"Cannabidiol looks to be a promising drug treatment for people wanting to stop smoking cannabis" says co-author Professor Celia Morgan
Trial tests whether cannabidiol could help treat cannabis use disorder
Prescription medication of cannabis extract cannabidiol (CBD) is safe for daily use in treating cannabis use disorder, and could help people to cut down on cannabis use, according to an initial randomised controlled trial published in The Lancet Psychiatry journal.
The study is the first to report that daily prescribed medical-use CBD use can cause reduction in cannabis use among people with cannabis use disorder, but the four-week study was not designed to provide robust estimates of the magnitude or duration of efficacy and further studies are needed.
Researchers found an optimal daily dose of between 400mg and 800mg of CBD, which is considerably higher than concentrations found in CBD products that are available without prescription (which typically contain around 25mg CBD). They warn that such products should not be used for medicinal purposes.
The authors say that these findings are important in light of major policy changes surrounding the production and sale of cannabis products, increases in the number of people entering treatment for cannabis use disorders worldwide, and the current absence of recommended treatments for cannabis use disorder.
Co-author Professor Celia Morgan, of the University of Exeter, said: "This is an exciting finding given increasing numbers of people in treatment with cannabis use problems, and recent changes in legislation for cannabis use worldwide. Cannabidiol looks to be a promising drug treatment for people wanting to stop smoking cannabis.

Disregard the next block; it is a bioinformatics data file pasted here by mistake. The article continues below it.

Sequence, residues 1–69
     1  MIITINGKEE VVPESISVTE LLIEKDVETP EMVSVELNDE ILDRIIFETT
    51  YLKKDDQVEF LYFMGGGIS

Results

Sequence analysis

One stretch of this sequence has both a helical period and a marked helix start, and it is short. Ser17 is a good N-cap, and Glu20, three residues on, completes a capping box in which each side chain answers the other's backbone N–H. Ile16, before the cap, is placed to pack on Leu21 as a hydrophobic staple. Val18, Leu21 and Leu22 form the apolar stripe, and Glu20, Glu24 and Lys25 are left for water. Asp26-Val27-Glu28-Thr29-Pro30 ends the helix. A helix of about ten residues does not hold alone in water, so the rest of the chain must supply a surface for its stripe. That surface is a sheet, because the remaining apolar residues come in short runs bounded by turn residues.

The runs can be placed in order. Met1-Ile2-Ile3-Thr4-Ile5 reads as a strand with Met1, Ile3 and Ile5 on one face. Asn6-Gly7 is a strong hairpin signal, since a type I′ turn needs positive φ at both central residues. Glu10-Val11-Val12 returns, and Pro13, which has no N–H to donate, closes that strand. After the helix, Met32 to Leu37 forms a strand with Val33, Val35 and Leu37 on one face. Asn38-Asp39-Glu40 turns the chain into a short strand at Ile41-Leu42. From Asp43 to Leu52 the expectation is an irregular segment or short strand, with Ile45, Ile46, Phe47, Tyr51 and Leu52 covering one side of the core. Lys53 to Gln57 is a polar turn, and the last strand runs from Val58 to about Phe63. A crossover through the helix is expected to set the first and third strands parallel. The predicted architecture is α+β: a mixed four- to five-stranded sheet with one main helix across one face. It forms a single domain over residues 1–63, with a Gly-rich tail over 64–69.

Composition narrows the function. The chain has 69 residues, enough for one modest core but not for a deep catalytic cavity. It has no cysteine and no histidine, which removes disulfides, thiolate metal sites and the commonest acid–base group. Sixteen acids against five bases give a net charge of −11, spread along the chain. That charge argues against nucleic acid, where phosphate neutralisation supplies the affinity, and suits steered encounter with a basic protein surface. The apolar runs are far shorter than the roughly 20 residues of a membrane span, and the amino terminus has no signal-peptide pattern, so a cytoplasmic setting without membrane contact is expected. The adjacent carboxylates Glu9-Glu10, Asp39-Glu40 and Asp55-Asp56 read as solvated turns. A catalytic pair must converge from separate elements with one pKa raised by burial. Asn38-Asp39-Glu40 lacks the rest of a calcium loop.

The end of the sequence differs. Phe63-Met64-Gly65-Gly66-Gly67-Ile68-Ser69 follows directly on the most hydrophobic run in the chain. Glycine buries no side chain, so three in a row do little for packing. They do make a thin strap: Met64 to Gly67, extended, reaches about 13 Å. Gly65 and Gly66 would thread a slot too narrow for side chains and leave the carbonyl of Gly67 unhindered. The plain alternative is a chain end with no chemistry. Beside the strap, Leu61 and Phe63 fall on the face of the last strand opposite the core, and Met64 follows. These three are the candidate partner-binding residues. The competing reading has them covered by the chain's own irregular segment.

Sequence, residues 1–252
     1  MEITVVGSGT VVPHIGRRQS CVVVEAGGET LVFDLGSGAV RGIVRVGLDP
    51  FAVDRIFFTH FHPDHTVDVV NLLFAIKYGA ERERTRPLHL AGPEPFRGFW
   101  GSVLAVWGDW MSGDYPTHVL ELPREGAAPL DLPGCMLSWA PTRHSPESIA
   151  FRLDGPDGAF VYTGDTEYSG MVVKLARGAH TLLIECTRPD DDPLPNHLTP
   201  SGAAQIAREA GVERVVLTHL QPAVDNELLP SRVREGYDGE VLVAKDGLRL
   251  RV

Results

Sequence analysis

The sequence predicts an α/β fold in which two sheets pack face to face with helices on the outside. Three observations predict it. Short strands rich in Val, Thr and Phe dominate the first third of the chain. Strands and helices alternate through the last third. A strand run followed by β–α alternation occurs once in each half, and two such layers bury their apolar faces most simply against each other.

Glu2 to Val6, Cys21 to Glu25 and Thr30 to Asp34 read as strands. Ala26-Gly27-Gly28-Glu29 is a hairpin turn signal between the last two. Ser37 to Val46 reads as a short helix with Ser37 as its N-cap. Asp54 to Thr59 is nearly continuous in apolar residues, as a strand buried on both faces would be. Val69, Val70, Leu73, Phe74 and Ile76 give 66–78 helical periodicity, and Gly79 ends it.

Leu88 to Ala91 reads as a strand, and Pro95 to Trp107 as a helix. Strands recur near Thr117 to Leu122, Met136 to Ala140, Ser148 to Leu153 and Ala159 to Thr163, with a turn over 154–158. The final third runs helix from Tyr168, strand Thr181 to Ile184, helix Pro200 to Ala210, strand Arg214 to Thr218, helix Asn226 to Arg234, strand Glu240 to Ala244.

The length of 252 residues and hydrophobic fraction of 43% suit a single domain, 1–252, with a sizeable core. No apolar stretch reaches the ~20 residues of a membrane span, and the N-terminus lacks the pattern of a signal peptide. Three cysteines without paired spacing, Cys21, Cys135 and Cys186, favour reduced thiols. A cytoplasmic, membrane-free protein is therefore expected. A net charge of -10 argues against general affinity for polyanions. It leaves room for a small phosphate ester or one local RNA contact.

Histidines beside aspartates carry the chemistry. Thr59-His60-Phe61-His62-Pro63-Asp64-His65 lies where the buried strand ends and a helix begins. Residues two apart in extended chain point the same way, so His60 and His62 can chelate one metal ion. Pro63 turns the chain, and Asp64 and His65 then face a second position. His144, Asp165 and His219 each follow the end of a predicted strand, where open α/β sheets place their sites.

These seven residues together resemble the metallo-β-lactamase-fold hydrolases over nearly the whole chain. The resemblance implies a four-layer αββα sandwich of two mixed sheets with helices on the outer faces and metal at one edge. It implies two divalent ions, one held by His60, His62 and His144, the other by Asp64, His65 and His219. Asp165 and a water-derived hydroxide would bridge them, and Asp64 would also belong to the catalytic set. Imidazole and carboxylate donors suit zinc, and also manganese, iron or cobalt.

"Cannabidiol has become increasingly widely used, but there is very little scientific evidence of its therapeutic effects. High dose daily cannabidiol use for a month in this study was associated with a reduction cannabis use “
Lead author Dr Tom Freeman, of the University of Bath, said: “Our study provides the first causal evidence to support cannabidiol, or CBD, as a treatment for cannabis use disorders. This is encouraging, as there are currently no drug treatments for cannabis addiction.
"CBD products are widely available in many countries but we would not advise people to self-medicate with these products. People with concerns about their cannabis use should always speak to a healthcare professional in the first instance.”
Cannabis addiction affects an estimated 22 million people worldwide – similar to the prevalence of opioid use disorders – and the proportion of people seeking help for cannabis use disorders has risen in all world regions apart from Africa.
Cannabidiol, also known as CBD, is one of more than 80 chemicals present in cannabis. By itself, CBD has been reported to induce feelings of relaxation and calm, but it does not cause the “high” associated with cannabis use, which is caused by a different chemical called tetrahydrocannabinol, or THC. As a result, CBD is sold legally in many countries in oils, capsules, creams, tea and other products.
Previous studies have suggested that taking CBD products could help to reduce withdrawal symptoms in people who are actively trying to quit cannabis use. However, it hasn’t been possible to determine whether these effects were due to CBD, because the studies either used an open-label design (where the participants knew what medications they were taking and so the results could have been biased), or CBD was given together with THC so it wasn’t possible to say to which chemical the effects were attributable.